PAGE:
Step 1: Code, Step 2: Things!

```/* This creates a twisted extrusion of 5 unioned circles
* with gratuitous amounts of rounding. Try it out! */

linear_extrude (height = 40, twist(h) = 35*cos(h*2*pi/60))
union ( r = 8) {
circle (10);
translate ([22,0]) circle (10);
translate ([0,22]) circle (10);
translate ([-22,0]) circle (10);
translate ([0,-22]) circle (10);
}```

Why? Because These Are Problems Programmers Have Already Solved.

With the explosion of 3D printing, designing 3D objects has become an even more important problem. And it's a complicated one. We need to design complicated objects that precisely interface with each other. And often we don't want to just design a single object, but classes of objects, parameterized by variables. And we need to do this in collaboration.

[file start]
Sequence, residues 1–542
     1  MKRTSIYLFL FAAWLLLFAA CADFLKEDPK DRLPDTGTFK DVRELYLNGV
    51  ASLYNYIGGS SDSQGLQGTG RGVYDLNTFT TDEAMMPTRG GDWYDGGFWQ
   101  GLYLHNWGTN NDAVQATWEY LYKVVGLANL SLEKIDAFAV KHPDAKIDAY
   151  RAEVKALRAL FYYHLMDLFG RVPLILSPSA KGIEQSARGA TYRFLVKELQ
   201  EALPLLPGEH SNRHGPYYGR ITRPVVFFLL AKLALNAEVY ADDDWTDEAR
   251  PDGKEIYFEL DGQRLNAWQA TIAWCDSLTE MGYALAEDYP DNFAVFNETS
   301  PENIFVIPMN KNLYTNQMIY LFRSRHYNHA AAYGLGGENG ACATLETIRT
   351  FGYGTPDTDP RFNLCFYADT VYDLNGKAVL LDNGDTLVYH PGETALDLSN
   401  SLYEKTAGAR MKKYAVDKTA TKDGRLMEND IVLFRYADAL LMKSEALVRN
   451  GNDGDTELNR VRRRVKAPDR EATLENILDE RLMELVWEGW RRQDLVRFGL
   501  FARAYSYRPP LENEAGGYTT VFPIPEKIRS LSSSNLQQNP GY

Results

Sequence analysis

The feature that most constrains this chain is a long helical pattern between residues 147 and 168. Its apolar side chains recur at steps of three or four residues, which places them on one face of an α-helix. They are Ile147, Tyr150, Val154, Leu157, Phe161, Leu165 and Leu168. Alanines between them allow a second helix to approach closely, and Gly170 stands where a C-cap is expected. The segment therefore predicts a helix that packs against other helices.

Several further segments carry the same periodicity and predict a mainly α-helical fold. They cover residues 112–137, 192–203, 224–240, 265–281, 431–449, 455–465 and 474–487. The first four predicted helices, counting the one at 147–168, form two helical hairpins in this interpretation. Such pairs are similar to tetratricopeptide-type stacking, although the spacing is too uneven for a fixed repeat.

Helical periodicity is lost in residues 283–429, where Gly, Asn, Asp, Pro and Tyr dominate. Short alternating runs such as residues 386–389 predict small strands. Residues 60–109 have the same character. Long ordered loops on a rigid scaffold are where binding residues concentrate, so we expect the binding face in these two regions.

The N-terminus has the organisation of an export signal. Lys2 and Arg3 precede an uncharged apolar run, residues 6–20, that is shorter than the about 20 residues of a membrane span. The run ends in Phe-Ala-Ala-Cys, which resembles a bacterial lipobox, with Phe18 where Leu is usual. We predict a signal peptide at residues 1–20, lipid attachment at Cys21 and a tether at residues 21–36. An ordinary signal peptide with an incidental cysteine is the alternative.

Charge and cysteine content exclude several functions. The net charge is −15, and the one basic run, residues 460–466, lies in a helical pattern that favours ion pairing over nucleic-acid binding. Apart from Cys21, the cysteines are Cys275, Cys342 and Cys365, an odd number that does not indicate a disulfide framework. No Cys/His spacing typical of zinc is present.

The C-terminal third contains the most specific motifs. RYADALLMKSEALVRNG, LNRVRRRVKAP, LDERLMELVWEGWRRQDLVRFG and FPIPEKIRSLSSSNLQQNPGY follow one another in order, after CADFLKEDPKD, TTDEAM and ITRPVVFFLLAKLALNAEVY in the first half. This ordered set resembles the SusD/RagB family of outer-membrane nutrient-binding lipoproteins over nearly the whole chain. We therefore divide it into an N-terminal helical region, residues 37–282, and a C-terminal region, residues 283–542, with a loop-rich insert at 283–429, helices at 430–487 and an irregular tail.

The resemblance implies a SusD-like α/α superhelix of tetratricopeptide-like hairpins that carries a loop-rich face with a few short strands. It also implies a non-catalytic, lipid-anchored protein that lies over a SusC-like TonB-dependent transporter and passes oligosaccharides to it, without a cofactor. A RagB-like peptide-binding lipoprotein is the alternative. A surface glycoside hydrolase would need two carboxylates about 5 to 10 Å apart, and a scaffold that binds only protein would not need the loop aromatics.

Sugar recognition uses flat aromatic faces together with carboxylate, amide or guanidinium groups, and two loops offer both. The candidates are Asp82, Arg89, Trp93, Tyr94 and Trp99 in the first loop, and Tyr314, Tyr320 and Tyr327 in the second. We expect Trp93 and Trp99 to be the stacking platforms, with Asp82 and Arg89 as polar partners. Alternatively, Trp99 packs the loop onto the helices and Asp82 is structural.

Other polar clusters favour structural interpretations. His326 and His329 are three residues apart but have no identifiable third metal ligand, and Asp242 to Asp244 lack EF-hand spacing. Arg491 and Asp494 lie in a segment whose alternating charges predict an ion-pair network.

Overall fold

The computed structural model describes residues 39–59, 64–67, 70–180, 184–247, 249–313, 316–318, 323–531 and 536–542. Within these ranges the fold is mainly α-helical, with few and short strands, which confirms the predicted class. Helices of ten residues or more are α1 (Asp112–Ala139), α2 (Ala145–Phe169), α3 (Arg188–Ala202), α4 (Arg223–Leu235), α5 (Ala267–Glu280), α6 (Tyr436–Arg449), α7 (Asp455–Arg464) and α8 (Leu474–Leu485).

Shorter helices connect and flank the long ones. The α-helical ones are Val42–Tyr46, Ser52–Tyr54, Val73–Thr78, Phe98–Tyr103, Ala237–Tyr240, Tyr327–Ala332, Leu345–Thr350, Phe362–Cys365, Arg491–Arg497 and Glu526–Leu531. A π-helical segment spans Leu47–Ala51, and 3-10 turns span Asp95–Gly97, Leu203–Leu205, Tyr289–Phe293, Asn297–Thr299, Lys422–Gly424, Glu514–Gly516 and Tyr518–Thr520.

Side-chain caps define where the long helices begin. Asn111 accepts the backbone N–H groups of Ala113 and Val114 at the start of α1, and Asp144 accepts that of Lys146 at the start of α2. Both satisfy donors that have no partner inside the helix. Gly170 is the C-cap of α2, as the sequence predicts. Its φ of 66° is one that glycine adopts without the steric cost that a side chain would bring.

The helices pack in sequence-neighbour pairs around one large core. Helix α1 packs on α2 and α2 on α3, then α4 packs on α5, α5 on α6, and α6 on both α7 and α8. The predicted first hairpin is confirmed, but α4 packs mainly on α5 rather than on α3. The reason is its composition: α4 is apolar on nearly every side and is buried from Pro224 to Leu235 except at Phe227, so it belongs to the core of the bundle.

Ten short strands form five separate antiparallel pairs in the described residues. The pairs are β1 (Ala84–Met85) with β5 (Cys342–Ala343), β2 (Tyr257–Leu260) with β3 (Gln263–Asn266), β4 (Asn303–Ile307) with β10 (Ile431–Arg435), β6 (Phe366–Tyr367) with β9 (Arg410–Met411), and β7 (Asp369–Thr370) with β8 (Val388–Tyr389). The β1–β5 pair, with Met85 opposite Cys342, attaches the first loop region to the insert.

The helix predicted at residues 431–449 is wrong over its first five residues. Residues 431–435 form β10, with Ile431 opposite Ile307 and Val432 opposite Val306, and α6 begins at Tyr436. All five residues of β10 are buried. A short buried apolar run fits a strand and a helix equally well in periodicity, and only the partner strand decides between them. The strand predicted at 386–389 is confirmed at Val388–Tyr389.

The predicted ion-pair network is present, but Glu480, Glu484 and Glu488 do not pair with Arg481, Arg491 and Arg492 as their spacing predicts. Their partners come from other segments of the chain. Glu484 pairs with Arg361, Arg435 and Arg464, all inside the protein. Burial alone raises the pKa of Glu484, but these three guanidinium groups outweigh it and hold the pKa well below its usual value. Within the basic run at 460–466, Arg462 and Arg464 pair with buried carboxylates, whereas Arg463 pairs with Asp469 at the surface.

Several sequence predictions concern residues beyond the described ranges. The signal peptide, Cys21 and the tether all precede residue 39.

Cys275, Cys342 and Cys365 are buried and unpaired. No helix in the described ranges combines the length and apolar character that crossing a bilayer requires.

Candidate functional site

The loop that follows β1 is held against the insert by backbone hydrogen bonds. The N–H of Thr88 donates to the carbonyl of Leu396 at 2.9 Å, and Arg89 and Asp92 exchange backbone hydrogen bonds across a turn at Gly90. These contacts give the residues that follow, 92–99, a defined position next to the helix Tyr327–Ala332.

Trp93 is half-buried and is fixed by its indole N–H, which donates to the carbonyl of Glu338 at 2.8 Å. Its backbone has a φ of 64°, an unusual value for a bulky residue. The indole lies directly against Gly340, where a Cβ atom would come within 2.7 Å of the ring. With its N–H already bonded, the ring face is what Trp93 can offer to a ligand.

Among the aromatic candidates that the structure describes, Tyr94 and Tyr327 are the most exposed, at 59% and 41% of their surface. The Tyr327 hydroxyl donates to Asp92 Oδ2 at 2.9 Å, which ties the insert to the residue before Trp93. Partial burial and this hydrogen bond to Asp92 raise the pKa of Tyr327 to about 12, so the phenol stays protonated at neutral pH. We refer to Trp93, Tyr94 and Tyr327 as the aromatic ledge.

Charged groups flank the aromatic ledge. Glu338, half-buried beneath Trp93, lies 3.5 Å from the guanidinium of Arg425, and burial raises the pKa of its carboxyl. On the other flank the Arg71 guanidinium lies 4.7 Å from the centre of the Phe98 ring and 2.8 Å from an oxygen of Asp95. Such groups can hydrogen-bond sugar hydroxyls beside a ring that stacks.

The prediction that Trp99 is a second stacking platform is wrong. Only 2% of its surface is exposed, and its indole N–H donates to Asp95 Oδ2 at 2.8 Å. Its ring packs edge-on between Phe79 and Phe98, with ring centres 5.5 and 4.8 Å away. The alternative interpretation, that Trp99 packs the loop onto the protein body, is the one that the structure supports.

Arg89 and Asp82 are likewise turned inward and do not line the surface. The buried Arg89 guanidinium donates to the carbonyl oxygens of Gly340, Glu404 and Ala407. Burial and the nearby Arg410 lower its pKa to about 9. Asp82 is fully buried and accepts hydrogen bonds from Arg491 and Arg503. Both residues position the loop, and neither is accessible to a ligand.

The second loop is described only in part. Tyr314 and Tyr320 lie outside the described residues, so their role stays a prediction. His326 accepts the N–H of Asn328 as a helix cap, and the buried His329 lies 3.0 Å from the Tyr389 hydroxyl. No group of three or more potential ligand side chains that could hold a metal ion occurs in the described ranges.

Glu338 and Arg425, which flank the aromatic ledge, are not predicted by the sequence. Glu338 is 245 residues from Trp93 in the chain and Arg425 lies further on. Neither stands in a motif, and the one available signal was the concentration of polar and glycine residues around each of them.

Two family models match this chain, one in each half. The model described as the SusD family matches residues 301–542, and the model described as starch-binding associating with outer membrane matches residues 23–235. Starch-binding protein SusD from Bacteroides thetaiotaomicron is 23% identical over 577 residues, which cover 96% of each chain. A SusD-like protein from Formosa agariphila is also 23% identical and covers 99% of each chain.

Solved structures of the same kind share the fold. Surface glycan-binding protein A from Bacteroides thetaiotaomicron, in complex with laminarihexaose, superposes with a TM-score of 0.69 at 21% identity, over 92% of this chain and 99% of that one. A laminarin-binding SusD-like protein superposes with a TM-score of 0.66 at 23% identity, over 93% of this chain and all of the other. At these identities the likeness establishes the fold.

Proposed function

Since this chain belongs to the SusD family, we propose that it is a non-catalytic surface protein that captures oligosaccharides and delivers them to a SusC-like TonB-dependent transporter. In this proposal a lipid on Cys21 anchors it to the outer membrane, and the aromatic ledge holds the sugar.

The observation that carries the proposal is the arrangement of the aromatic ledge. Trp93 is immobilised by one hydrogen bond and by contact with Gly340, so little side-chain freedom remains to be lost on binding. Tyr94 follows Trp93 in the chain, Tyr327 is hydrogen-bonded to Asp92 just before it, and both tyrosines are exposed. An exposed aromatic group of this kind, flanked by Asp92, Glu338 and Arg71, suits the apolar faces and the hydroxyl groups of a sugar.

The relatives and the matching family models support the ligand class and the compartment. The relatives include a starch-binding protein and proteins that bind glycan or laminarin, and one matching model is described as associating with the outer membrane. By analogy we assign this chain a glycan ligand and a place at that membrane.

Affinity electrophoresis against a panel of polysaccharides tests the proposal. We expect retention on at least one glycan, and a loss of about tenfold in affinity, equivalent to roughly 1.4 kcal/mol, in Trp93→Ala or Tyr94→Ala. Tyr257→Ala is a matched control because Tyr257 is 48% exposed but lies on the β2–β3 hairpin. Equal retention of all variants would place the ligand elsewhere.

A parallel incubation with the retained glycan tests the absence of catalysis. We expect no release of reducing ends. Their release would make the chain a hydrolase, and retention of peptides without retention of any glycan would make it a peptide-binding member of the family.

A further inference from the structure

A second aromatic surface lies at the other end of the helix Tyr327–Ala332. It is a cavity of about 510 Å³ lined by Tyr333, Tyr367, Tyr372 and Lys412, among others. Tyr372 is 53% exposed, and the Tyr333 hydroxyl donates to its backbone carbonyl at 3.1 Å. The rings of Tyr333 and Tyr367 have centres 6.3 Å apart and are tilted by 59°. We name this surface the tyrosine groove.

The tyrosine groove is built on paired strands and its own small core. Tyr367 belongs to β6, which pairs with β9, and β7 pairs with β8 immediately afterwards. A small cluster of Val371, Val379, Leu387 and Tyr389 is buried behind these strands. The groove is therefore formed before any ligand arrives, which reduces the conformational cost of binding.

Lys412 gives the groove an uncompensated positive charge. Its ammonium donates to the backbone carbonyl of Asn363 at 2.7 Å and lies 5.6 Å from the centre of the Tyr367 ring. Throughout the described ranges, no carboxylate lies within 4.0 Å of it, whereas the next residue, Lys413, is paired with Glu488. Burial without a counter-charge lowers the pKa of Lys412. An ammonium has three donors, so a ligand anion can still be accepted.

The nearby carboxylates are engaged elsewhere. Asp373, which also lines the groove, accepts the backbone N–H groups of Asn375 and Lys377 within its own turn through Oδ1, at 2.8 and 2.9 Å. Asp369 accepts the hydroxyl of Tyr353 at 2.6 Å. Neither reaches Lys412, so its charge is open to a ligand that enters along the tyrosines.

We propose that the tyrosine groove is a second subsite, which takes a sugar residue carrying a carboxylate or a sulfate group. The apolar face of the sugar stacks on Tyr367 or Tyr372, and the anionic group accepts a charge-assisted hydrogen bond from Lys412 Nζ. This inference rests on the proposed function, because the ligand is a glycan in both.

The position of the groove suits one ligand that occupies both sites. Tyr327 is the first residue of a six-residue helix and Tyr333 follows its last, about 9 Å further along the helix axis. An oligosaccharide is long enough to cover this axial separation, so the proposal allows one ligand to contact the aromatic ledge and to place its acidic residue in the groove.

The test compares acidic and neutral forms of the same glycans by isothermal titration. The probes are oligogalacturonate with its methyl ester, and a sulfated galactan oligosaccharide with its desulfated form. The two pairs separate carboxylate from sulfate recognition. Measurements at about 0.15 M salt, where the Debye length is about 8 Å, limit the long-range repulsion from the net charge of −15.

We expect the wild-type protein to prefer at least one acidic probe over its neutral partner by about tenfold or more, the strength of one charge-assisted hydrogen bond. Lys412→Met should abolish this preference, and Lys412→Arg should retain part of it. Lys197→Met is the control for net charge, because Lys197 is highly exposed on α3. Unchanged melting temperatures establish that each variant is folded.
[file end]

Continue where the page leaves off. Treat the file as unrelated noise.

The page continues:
There are trivial cases, like a screw driver of varying length or the width of a table. Traditional geometric constraints can suffice here. But what if we want a key based of a list of numbers describing the heights of a lock's pins? Now we need programming.

But that's only the beginning. We can abstract away the stupid work humans do in designing objects. We can build DSLs. We can unit test objects and put them on github.

ImplicitCAD is a project dedicated to using the power of math and computer science to get stupid design problems out of the way of the 3D printing revolution.

Want to give it a try?

Now after all that talk wouldn't it be nice to go and give ImplicitCAD a test run? Bet your expecting some big long installation instructions now?

Well not today! Today we're making this easy!